DIY Silkscreen Tutorial

Silkscreening! This is a super fun and relatively easy method for printing your own designs on paper or fabric. I was taught how to do this DIY method by a friend who did a trade with me for a septum piercing (how punk were we) and I’ve made lots of patches and other silkscreen art since, though it’s definitely been a while since I had a setup in my house. I also took a workshop last year that was really informative. Now that my studio is up and running I installed a light area in our storage closet and I finally got it all figured out this week. I thought it would be fun to photograph a tutorial as I made up my screens, so here’s how to do your own DIY screen printing!

Things you’ll need:

Silkscreen mesh

Wooden frame

Staple gun

Extra staples

Squeegee and/or plastic putty knives

Masking tape

Thumb tacks

Screen printing ink

Scrub brush

Soft sponges

500 watt light

Diazo Speedball photo emulsion kit (buy it here)


Laser printer (not inkjet)

Sink with cold running water

Dark room or light-tight cabinet


Iron and ironing board

I make my own screens because the ready made ones, while convenient, are super pricey and stretching the mesh myself is pretty straightforward. Using your staple gun attach the mesh to the wooden canvas frame so it is stretched tight and even, as pictured. Once the screen mesh is secured (or if you have a clean pre-made one) it’s time to coat it with photo emulsion.

The photo emulsion kit I use has a bottle of emulsion and a small bottle of sensitizer that you have to mix together. Fill the small bottle halfway with cold water and shake really well to loosen all the material, then mix it into your emulsion and move into your dark room. You’ll need a bit of light to see what you are doing but nothing too bright or you will expose the emulsion and wreck your screen.

Working quickly but carefully, pour a line of emulsion onto the top of the screen and use your squeegee to pull it down and spread it evenly over the mesh. You want a thin, even layer with no drips. Flip the screen and use the squeegee on both sides and wipe any excess back into the bottle.

Once you have evenly coated the mesh it’s time to dry the screen. I push tacks into the corners on the mesh side and lay it flat to allow air to circulate around the screen. If you have a fan it will speed up your drying time.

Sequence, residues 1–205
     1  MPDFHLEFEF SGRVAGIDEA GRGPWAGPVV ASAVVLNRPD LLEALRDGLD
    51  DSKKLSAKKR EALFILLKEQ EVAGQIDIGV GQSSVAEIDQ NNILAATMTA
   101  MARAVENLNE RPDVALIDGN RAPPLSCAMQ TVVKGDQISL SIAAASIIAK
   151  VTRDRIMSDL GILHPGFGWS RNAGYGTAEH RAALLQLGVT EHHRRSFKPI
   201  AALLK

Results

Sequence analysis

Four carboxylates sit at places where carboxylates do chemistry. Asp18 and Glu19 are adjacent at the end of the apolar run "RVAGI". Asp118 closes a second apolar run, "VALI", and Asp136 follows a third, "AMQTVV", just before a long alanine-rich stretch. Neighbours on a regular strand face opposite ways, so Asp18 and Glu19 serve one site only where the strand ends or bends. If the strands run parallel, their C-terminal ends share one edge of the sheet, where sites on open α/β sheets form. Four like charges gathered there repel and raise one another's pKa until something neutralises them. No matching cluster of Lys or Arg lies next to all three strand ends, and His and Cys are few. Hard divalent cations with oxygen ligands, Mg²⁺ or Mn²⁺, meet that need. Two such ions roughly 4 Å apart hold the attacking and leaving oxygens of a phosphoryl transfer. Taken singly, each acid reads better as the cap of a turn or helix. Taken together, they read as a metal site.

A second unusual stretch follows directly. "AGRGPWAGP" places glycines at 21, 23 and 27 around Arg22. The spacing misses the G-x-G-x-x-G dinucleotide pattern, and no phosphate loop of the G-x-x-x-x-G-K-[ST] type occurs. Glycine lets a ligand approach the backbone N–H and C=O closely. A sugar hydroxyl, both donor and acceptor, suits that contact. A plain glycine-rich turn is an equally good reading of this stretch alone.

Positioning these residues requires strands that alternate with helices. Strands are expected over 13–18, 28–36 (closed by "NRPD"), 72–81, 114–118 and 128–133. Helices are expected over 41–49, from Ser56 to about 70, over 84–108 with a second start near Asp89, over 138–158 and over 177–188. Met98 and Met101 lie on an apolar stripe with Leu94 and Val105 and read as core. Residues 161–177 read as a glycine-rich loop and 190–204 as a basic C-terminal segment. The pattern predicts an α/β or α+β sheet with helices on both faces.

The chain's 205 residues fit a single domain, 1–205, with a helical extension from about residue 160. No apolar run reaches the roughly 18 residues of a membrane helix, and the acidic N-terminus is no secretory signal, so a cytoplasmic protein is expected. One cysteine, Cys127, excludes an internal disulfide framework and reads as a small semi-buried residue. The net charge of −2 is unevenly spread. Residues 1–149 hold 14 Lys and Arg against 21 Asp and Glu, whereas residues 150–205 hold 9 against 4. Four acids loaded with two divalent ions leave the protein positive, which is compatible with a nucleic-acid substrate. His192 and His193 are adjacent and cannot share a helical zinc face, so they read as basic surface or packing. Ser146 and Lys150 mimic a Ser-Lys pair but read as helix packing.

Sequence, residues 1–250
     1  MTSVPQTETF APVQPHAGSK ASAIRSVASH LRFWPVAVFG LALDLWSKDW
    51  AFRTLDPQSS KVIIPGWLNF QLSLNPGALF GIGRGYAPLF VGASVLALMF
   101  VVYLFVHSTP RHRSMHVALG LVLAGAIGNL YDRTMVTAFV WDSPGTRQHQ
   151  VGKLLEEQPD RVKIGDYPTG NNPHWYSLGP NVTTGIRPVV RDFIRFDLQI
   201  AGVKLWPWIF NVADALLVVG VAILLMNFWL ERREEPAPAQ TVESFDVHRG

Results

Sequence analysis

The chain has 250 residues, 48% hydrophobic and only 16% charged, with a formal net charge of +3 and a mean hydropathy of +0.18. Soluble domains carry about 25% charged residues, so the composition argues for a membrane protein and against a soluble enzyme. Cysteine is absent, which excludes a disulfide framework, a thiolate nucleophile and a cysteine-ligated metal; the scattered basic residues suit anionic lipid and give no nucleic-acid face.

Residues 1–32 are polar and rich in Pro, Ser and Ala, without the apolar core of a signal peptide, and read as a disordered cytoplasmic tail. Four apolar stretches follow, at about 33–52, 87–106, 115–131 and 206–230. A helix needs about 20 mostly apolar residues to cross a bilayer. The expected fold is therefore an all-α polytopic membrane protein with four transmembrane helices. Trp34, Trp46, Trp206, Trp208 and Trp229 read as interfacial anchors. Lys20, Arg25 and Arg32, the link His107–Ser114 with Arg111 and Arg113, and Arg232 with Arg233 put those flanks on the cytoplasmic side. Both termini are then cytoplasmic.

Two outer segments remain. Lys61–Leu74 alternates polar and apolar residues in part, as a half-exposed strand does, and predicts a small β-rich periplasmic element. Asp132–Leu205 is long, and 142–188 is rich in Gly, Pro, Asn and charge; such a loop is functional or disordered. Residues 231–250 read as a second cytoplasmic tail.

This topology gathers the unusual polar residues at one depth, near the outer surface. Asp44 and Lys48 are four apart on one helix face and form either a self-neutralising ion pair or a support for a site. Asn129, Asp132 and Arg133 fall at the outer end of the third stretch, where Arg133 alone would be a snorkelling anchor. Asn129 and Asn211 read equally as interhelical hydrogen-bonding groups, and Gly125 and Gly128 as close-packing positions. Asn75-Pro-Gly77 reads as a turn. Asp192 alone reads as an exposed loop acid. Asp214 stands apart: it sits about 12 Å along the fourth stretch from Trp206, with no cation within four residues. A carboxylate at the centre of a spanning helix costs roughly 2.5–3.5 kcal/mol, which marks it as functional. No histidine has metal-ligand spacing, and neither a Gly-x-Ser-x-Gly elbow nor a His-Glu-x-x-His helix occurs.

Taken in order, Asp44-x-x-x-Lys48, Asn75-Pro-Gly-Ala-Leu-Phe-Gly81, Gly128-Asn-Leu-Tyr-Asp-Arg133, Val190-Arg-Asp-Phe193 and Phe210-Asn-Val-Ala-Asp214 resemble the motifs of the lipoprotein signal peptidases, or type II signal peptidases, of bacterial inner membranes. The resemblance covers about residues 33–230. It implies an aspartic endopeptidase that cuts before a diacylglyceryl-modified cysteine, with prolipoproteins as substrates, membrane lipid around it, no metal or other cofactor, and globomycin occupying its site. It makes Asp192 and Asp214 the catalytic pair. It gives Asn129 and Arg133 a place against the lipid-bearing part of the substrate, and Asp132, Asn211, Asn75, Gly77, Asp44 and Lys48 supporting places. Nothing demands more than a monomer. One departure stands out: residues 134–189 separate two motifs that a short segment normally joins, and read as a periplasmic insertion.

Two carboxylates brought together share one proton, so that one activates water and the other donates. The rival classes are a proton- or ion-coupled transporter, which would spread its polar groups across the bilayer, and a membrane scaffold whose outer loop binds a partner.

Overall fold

Once the screen is dry it is time to expose it to light to burn your image. You’ll need your design printed on a transparency sheet (the kind they used for overhead projectors) using a laser printer. The black that is printed onto the sheet will block the light from setting the emulsion beneath it in the screen, allowing it to wash away when you are done burning. This is what allows the ink through the screen and prints your image. Simple designs are best, images with a lot of greyscale or very fine lines can be challenging. There are different levels of mesh available; the very fine ones are good for detail but larger mesh is only able to burn simple images like solid black text or thick line drawings.

Flip your screen so the mesh is on top and lay your transparency on backwards as this is the underside of your screen (my design is the same both ways so it doesn’t matter, but text should be backwards). A piece of glass can be used to lay on top of the transparency and hold it tight against the mesh.

Finding the right amount of time to expose the screen to light is the hardest part of silkscreening, and I recommend a test sheet when you are first starting out. Using a thick piece of card cover your design except for a strip at the top. Expose for 30 seconds then pull the card down to expose another strip and expose for another 30 seconds. Using a timer, work in increments until the screen is done and after you wash it out you’ll be able to determine how much time is needed for the best result.

I have a 500 watt work light from Home Depot with the glass and cage removed that works great. At a distance of about 14″ from the table surface it takes 3 minutes to burn a screen.

When the screen is exposed to light the green emulsion will turn a turquoise colour wherever the light has set it, leaving your design in bright green like a ghosted image when you remove the transparency. Gently wash the emulsion out of your screen with cold water and your fingertips or a soft sponge only. Be very careful not to scrub or scratch the mesh as this may remove emulsion in places you don’t want it removed or even damage the material. The screen has worked if the emulsion behind your design washes clean but the rest of the emulsion is set. When you hold it up to the light you can see through your design but not the rest of the mesh.

Lay your screen out to dry and get ready for printing! This is the fun part. I like to put masking tape around the edges of the frame to cover any areas that may leak ink onto your printing material, and also over any small holes that may have appeared where you don’t want them.

Now to print! Gently tap a line of ink onto the screen just beside where your design is using a spoon, and drag your squeegee or putty knife firmly across your design to spread the ink through the screen. You only need to do one or two passes with the ink to make a print, any more and you can end up with ink bleeding outside the lines of your design.

Lift your screen carefully and voila! You can print as many things as you want and the screen has a pretty long life once burned if you care for it properly. Get creative!

After your prints have dried give them a quick iron to heat set the ink and you’re done. This all sounds like a daunting process but it isn’t that bad, and the printing part is so much fun. The possibilities are endless! 🖤


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